How to Defeat Myanmar’s Military After the Coup 1

Elected legislators deposed in the February coup have a plan for building a new federal democratic union. We need help.

The people of Myanmar have been fighting for the life of our nation since the military, or Tatmadaw, seized power on Feb. 1. We have been protesting peacefully, risking our lives to protect neighborhoods, cities and towns — fighting not for any one political party, ethnic group or leader, but for freedom and a genuine federal democracy.

This is why those of us who were duly elected to office by the people of Myanmar, and who continue to act for their interests, are now asking for direct help.

Military and security personnel have killed more than 700 people, including dozens of children, and arrested, charged or sentenced more than 3,050. At first, they responded to the protests with wanton shootings, arrests, intimidation and property seizures. In recent days, they have ramped up the violence, deploying automatic weapons and heavy explosives. Last Friday, more than 80 people were killed in the city of Bago alone.

The Tatmadaw is occupying hospitals and schools, and threatening to seize banks. It is bombing rural areas, forcing civilians into caves and shelters or across the border with Thailand.

This is the behavior not of a legitimate government but of an army waging war on its own citizens.

In response, people from all generations, ethnicities, religions, genders, regions and economic groups have united, continually adapting their ways of opposing the mounting repression.

After the security forces ratcheted up the violence, demonstrators momentarily emptied the streets as a form of silent protest or spilled red paint onto roads to denounce the bloodletting. The Tatmadaw cuts off internet access in much of the country? People start distributing old-school printed tracts by hand.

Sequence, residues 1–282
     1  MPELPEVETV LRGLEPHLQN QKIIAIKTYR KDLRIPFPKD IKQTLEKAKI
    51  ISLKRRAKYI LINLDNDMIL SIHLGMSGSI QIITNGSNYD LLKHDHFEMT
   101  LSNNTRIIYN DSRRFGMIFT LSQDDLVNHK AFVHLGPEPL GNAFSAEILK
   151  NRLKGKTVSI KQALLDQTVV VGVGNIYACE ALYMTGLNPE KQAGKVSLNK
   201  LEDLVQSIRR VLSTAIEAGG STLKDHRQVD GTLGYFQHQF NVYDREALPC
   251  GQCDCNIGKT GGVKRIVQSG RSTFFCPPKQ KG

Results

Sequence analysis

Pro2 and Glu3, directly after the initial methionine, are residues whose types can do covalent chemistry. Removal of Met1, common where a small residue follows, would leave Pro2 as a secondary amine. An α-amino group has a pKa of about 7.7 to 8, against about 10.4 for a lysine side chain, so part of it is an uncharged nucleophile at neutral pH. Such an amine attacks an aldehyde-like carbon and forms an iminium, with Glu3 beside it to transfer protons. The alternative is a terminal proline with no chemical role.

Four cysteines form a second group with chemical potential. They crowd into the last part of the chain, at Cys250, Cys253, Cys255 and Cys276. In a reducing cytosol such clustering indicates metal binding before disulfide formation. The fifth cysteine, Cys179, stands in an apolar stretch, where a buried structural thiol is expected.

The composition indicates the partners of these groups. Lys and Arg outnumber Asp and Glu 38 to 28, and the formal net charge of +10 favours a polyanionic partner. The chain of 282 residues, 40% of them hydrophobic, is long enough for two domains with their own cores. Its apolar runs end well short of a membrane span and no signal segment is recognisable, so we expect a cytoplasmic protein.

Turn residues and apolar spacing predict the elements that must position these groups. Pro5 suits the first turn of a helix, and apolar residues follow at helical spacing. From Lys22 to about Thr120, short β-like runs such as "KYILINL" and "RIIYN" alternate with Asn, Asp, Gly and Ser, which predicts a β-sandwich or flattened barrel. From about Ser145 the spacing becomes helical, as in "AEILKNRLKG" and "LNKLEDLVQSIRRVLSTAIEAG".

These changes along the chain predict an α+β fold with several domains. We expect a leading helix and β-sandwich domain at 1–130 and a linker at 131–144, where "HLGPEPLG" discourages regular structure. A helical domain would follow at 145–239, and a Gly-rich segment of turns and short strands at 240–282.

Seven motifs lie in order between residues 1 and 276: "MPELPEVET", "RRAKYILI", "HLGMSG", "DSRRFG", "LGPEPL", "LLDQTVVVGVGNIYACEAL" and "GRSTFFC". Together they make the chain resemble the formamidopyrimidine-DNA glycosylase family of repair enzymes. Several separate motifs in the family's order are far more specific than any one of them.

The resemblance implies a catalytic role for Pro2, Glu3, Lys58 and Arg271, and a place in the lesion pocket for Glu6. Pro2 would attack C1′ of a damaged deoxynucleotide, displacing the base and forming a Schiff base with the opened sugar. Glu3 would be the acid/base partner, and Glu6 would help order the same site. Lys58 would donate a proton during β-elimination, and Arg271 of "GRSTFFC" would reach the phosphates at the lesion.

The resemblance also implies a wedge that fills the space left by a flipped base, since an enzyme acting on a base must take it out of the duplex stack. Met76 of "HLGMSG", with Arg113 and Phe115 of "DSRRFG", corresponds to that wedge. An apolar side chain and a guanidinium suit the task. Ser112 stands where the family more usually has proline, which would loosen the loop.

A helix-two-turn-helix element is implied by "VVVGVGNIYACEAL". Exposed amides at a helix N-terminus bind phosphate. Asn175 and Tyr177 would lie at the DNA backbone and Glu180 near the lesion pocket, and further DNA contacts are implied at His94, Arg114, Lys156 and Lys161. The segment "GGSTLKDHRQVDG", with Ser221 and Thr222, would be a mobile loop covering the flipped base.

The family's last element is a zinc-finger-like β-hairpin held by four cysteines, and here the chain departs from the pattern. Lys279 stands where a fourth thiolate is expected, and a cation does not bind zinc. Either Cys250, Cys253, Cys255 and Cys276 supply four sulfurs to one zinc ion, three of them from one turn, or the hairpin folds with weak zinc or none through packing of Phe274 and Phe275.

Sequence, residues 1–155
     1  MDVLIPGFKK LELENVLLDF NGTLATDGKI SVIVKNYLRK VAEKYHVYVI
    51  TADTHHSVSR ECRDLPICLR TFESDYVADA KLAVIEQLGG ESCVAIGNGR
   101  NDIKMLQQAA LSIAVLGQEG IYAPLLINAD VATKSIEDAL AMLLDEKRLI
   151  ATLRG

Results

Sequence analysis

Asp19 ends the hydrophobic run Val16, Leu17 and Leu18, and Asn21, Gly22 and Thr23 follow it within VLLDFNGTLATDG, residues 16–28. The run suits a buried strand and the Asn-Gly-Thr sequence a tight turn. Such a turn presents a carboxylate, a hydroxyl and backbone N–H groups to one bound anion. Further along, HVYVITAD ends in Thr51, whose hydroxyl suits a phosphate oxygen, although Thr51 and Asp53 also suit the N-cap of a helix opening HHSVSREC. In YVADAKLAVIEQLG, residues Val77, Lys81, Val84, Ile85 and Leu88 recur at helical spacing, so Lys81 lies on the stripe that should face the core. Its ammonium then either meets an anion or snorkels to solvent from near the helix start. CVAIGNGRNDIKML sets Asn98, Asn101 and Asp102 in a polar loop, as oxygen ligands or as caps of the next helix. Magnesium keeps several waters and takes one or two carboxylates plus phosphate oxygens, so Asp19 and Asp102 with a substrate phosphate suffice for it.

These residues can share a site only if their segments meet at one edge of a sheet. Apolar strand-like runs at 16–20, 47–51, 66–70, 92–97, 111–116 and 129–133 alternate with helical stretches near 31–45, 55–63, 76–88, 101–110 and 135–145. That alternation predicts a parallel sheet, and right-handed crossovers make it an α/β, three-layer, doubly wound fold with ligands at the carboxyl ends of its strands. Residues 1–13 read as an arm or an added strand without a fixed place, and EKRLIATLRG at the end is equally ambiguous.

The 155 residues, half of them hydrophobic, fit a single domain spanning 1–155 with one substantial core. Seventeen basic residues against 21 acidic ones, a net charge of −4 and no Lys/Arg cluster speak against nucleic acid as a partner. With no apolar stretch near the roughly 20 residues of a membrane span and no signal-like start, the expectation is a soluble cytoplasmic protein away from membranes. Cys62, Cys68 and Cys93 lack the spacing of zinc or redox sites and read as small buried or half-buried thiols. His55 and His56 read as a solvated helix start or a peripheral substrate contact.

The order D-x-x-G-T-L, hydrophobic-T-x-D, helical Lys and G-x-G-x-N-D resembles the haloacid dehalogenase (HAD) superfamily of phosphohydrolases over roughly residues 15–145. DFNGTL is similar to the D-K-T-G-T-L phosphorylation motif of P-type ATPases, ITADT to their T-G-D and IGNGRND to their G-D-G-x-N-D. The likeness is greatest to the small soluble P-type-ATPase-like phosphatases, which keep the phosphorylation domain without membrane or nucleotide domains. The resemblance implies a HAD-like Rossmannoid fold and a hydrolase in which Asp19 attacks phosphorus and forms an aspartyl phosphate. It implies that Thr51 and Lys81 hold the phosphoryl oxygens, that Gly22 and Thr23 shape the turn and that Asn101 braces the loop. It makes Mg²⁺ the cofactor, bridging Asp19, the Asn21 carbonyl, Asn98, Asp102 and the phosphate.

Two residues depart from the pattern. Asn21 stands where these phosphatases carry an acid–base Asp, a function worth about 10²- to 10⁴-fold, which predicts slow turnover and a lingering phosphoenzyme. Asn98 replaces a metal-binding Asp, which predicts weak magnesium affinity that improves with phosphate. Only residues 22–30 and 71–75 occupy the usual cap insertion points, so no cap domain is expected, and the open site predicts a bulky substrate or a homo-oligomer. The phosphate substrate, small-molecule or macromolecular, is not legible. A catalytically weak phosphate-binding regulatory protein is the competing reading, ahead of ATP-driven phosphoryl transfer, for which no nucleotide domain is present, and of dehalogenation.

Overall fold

This drive and resourcefulness point to a simple truth — a truth that only the Tatmadaw seems unable to grasp: The people of Myanmar will not accept a return to military rule.

On Feb. 5, just days after the coup, the Committee Representing the Pyidaungsu Hluttaw (or Parliament) was set up by more than 300 representatives from different political and ethnic parties who won posts in the November 2020 general election. (The Tatmadaw has tried to justify the coup and its decision to dissolve Parliament by claiming, without proof, electoral fraud.) The committee counts 17 members, 15 from the National League for Democracy, which won a vast majority of seats in November, and one each from parties representing two ethnic minorities, the Kayah State Party and the Palaung National Party.

The C.R.P.H. includes a vice president and five acting ministers. I was appointed minister of foreign affairs, and it is in that capacity that I addressed the U.N. Security Council during an informal meeting on April 9.

We, the C.R.P.H., alongside many people in Myanmar, are fighting back against the Tatmadaw by preventing it from consolidating power while trying to establish a unified governing authority. We seek direct help from the international community to accomplish these goals.

The Tatmadaw has outlawed the C.R.P.H., and so we work in hiding, cooperating with the civil disobedience movement that is leading the protests and the strikes, as well as ethnic political organizations, political parties and civil society groups.

We support the strikes by civil servants and private-sector workers, which are paralyzing government functions and economic activity, robbing the Tatmadaw of resources. But these measures are a hardship for many ordinary people, and to assist them, the C.R.P.H. and local communities have created committees to ensure the provision of water and food, electricity, public safety and health services.